- XCD KNIGHT
- Posts: 2205
- Joined: Thu Jan 01, 2015 7:20 pm
- Location: Stanley, New Brunswick, Canada
- Ski style: Nordic backcountry touring
- Favorite Skis: Asnes Ingstad BC; Asnes Gamme 54 BC; Asnes Storetind Carbon
- Favorite boots: Alpina Alaska; Scarpa T4
- Occupation: Forestry Professional
Instructor at Maritime College of Forest Technology
Husband, father, farmer and logger
This ski in all honesty is an excellent off-track cross-country ski.
However, for someone like me, it is just- well- a bit boring…
Let me explain:
Even at 199cm, it is not super-fast. My E99 and my Gamme 54 are much faster XC skis.
It is not easy to turn- with its traditional XC flex. My Eon, E109, and Ingstad BC are all much better downhill skis. HECK- even my E99 Tour- with considerable Nordic rocker is easier to turn than the 78.
It is a fast enough XC ski on backcountry snow.
It has an excellent stable flex- making it stable in all snow conditions- including deep snow.
It has enough camber and stiffness underfoot to release the kick zone when striding forward- but it is soft enough to make it relatively easy to engage the traction zone.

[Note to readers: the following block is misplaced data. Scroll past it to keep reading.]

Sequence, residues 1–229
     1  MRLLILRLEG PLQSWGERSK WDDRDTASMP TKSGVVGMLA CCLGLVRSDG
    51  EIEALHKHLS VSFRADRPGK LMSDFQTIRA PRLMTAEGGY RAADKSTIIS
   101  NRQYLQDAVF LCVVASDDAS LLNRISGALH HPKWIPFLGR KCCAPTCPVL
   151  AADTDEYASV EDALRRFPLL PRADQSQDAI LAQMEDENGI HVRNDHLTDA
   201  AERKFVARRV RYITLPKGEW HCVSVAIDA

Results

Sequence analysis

It is light enough to make quick step and jump turns.
My wife’s favourite ski in this class used to be the Madshus Eon.
As she became a better Nordic skier she has more often reached for the E109 or the Combat Nato than her beloved soft-flexing Eon.
It is becoming clear that my wife likes the 78 better than all of them in this class (at least for a XC ski).
(I think she may like the 88 even more than the 78- but, more on that later.)
Fischer recently used to classify this ski as an “Off-Track Cruising” ski. This is a good way to describe it.
With a high-quality waxless-scaled “Off-Track Crown” insert- book-ended by superb sintered tip/tail- an Easy-Skin insert; camber-and-a-half underfoot; and a full-length stable flex-
The Fischer Traverse 78 is a sublime and versatile off-track Nordic touring ski.
Is it high performance? NO.
But- if you could only have one ski it could be better than having the E99 or the E109 for example…
BUT- if you had both an E99 and an E109- you might find the T-78 a little boring…
• Sidecut: 78-61-69mm
• Length: to 199cm
• Tip shape: moderately-raised (from a Nordic ski perspective)
• Longitudinal flex: full-length, stable flex; stiff
• Tip flex: stable, moderately stiff
• Camber-rocker profile: slightly Nordic-rockered tip; camber-and-a-half underfoot; flat tail
• Tail flex: flat and stiff
• Edges: full-length steel
• Base: sintered tip/tail; “Off-Track Crown” waxless-scaled insert.
• Easy-Skin kicker-skin insert